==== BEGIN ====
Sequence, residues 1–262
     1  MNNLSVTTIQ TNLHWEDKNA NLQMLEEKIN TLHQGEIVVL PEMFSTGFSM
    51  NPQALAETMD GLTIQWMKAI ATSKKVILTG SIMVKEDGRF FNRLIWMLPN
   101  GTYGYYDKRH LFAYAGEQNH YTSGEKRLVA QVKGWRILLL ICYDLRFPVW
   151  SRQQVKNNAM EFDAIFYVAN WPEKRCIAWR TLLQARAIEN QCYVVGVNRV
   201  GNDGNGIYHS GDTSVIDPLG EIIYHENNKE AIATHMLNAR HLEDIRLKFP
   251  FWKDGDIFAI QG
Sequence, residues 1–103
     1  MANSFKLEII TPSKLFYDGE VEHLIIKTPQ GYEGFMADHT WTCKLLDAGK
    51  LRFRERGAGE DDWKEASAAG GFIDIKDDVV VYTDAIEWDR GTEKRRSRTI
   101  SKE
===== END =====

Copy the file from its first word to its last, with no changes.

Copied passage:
Sequence, residues 1–262
     1  MNNLSVTTIQ TNLHWEDKNA NLQMLEEKIN TLHQGEIVVL PEMFSTGFSM
    51  NPQALAETMD GLTIQWMKAI ATSKKVILTG SIMVKEDGRF FNRLIWMLPN
   101  GTYGYYDKRH LFAYAGEQNH YTSGEKRLVA QVKGWRILLL ICYDLRFPVW
   151  SRQQVKNNAM EFDAIFYVAN WPEKRCIAWR TLLQARAIEN QCYVVGVNRV
   201  GNDGNGIYHS GDTSVIDPLG EIIYHENNKE AIATHMLNAR HLEDIRLKFP
   251  FWKDGDIFAI QG
Sequence, residues 1–103
     1  MANSFKLEII TPSKLFYDGE VEHLIIKTPQ GYEGFMADHT WTCKLLDAGK
    51  LRFRERGAGE DDWKEASAAG GFIDIKDDVV VYTDAIEWDR GTEKRRSRTI
   101  SKE